How To Help Teach Your Child To Read

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How To Help Teach Your Child To Read | Triumph Therapeutics | Physical Therapy in Washington DC

When it comes to skills which can greatly improve your life, reading is very high on the list.

Beyond the basics of being important for success in school, reading can help boost communication skills, expands vocabulary, stimulates brain activity, helps to improve focus and concentration and much, much more.

Some children are voracious readers from a young age – they seem to pick up the skill quickly and easily and devour every book they can get their hands on.

Others may need a little more help in this area, and if your child is experiencing delays it may have you on Google searching for “pediatric speech therapy near me” to determine if there are any issues which need to be addressed.

You might be surprised to learn that a speech therapist can help with reading, since speech therapists are usually thought of in terms of speech disorders.

Things like traumatic brain injury speech issues, selective mutism, dysarthria, childhood apraxia of speech, or tongue tie.

However, the full name is not speech therapist, but speech language pathologist – which means they can help with all facets of language related issues.

That includes reading issues which may arise from dyslexia, developmental delays, learning disabilities, and more.

Today we’re going to look at some tips for helping your child learn to read, and when to seek additional help if they don’t seem to be progressing at the rate you might expect them to.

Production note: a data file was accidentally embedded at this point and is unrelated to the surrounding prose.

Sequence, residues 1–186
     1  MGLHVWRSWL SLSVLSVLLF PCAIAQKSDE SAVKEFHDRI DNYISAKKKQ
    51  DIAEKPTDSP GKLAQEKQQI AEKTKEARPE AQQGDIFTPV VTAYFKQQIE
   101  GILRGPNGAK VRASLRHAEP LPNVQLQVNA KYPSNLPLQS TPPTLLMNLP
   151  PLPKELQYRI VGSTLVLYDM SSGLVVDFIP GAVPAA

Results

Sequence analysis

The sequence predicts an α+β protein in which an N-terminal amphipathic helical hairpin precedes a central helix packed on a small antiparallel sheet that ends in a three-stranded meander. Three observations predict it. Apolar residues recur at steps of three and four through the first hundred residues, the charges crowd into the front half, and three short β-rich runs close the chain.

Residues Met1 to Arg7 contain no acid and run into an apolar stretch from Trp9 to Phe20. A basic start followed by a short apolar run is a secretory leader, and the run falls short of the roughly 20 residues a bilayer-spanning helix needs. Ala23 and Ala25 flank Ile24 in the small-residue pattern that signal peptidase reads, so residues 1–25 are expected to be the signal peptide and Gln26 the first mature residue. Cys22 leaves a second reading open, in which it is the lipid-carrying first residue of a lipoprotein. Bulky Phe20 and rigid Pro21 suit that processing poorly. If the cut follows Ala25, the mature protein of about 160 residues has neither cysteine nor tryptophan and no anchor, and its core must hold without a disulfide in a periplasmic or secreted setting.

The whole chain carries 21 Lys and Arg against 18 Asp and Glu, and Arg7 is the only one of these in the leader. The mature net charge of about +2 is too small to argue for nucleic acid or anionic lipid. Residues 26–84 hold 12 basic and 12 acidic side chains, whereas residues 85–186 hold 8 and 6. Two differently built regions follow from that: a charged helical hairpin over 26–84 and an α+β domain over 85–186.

Keep reading to learn more.

First, Understand What You’re Actually Teaching Them

When you’re an adult who has been reading your whole life, you might not give too much thought to the basic skills required for reading.

However, in order to successfully teach your child to read, you need to get back to basics and understand the five skills which are essential for reading success.

These skills are:

  • Fluency – being able to read out loud with understanding and accuracy
  • Phonemic awareness – hearing and manipulation the various sounds in words
  • Vocabulary – knowing the meanings and context of words
  • Phonics – awareness of the sounds letters make and the connections between letters
  • Reading comprehension – being able to understand what the text means, both in the context of informational books and in storybooks